Multiple Sclerosis: Tissue Destruction and Repair

New PDF release: Multiple sclerosis : tissue destruction and repair

Rows show duration in weeks of acute A and subacute phases B , as defined in Fig. Analogous concentric patterns and a faster recovery at the periphery of the lesion are apparent. Note that the duration of the acute phase is far shorter 4 weeks or less than that of the subacute phase up to 20 weeks. Patterns of lesion formation, comparing peak and residual hyperintensity, for the same 3 lesions as shown in Fig.

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Multiple sclerosis: tissue destruction and repair. Reviewed by K. Dedman. Copyright and License information ▻ Disclaimer · Copyright notice. Multiple sclerosis: tissue destruction and repair is the proceedings of the joint meeting of ECTRIMS and ACTRIMS (European and American Committees for.

Peak a and residual hyperintensities b are shown in rows. Concentric patterns and a correlation between higher levels of intensity and greater residual are apparent ie, residual damage [ b ] tends to occur in areas of maximal hyperintensity. Also, note how the proportions of residual damage are disproportionally smaller for larger lesions. To illustrate the effect of the size of the lesion, 3 example lesions of different peak sizes are also shown. Note how residual hyperintensity is disproportionately smaller for larger lesions and concentrated in the center of the lesion. Recovery ie, return toward isointensity at the periphery of the lesion not only occurs more comprehensively, but also faster Fig.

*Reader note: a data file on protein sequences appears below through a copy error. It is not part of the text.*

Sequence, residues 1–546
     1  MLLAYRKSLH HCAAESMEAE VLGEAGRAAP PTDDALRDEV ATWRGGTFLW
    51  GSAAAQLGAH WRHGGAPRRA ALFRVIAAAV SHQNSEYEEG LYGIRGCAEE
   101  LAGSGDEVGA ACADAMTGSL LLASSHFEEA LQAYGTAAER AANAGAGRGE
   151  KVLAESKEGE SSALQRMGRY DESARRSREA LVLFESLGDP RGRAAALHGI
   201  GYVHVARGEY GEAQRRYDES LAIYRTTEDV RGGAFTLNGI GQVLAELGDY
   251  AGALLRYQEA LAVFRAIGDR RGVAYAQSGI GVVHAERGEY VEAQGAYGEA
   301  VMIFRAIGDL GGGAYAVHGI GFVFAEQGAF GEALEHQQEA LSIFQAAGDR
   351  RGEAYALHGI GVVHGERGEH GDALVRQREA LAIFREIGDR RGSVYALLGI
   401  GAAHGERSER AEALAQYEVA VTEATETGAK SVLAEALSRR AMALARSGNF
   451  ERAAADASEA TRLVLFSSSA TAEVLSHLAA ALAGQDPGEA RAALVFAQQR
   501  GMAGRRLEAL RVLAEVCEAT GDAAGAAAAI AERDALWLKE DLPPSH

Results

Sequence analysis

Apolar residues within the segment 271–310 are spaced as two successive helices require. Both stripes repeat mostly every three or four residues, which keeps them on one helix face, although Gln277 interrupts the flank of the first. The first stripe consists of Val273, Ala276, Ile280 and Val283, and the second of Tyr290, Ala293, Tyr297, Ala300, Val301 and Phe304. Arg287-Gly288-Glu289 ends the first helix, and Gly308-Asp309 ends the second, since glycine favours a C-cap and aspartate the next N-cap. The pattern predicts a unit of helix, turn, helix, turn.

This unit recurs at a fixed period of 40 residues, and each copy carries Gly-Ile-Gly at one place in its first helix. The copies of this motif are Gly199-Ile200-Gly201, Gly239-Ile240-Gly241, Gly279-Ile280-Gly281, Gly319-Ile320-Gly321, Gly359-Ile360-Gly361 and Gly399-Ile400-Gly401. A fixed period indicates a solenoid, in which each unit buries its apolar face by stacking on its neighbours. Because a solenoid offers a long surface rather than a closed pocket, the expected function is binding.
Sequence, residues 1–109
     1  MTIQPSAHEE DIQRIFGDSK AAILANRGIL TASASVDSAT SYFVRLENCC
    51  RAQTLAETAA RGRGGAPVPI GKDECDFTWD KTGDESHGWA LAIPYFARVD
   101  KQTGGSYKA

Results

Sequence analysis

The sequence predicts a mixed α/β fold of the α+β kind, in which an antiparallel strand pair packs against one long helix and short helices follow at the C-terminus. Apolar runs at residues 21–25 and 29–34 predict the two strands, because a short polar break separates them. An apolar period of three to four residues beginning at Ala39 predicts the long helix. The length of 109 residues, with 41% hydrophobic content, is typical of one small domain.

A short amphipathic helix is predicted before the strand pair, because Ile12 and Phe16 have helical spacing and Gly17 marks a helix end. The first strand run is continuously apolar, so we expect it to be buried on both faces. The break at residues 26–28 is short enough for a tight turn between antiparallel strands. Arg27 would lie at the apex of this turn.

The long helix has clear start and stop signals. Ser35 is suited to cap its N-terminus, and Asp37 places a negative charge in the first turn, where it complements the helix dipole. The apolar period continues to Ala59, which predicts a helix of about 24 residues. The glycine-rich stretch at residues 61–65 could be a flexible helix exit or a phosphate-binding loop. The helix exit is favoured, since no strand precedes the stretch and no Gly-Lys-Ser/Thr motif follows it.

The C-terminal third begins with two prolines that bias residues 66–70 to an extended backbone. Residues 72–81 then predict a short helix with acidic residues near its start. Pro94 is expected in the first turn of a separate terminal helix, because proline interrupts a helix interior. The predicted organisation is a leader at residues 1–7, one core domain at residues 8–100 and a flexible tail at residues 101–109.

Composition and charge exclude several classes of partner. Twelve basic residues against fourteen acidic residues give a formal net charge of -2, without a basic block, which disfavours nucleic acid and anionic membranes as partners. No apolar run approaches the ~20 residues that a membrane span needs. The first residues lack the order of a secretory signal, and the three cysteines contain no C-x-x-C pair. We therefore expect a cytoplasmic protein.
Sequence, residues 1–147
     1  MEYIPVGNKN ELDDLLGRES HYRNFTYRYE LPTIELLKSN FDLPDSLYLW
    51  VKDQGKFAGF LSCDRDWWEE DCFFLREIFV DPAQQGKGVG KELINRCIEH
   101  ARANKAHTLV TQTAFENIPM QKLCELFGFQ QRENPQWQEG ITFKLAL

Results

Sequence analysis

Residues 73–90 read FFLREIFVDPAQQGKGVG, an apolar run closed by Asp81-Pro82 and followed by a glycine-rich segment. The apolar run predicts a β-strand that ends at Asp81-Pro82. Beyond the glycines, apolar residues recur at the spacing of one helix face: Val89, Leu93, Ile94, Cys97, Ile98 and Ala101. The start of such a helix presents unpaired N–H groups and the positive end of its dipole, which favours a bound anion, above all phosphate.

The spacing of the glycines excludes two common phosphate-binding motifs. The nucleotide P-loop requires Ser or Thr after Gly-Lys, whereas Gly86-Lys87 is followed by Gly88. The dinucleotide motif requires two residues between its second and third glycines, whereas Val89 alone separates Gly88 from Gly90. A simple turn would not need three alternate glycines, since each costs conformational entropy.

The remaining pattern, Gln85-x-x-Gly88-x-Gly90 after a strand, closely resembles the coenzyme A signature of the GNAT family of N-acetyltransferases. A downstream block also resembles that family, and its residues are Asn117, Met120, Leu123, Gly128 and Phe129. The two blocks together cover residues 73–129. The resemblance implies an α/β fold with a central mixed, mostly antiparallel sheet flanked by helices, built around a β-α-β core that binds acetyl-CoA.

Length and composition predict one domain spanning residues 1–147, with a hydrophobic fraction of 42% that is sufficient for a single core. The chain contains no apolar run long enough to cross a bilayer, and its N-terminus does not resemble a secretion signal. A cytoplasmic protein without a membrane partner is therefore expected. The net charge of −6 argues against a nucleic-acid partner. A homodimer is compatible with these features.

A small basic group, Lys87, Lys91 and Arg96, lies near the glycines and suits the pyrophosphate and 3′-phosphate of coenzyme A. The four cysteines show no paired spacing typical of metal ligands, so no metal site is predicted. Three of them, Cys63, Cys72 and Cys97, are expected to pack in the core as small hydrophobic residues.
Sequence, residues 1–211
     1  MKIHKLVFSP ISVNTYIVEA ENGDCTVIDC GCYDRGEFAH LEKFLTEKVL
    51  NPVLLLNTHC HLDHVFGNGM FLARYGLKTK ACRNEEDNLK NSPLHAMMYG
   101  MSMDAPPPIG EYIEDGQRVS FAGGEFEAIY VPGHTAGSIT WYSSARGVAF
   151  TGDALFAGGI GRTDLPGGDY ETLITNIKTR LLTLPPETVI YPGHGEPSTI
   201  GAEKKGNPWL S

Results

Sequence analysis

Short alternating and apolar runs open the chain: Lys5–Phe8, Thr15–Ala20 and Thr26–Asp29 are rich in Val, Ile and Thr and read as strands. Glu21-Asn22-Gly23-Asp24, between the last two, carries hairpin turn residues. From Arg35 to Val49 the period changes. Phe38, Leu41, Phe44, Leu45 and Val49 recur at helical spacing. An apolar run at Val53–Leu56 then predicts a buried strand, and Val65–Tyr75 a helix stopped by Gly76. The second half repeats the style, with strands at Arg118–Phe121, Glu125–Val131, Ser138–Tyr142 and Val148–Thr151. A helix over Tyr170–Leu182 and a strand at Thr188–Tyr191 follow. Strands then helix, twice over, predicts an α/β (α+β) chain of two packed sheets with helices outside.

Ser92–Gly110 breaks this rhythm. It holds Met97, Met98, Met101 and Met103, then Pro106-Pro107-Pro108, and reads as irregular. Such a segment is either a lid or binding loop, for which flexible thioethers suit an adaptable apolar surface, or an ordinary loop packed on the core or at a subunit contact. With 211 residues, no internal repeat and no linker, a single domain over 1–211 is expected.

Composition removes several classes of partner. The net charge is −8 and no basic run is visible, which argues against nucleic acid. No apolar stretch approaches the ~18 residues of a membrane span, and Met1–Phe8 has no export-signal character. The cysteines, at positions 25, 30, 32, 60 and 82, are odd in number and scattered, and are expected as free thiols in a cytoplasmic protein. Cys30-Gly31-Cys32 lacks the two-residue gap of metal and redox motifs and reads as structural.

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This pattern is akin to concentric patterns described on histopathologic studies, such as active edges of plaque with accumulating macrophages 21 and rims of remyelination. The residual hyperintensity left by small lesions was disproportionately greater than that of larger lesions Fig.

This finding would suggest that many small new lesions constitute more destructive activity than equivalent new lesion burden in the form of few large lesions. Bearing in mind that T2 hyperintensity alone cannot be attributed to tissue damage directly, we sought to test this hypothesis further via a link to clinical disability EDSS and phenotype relapsing or progressive. If these 2 classes differ in their destructive potential, we would expect to see differences in the amount of residual hyperintensity and, possibly, in the level of disability.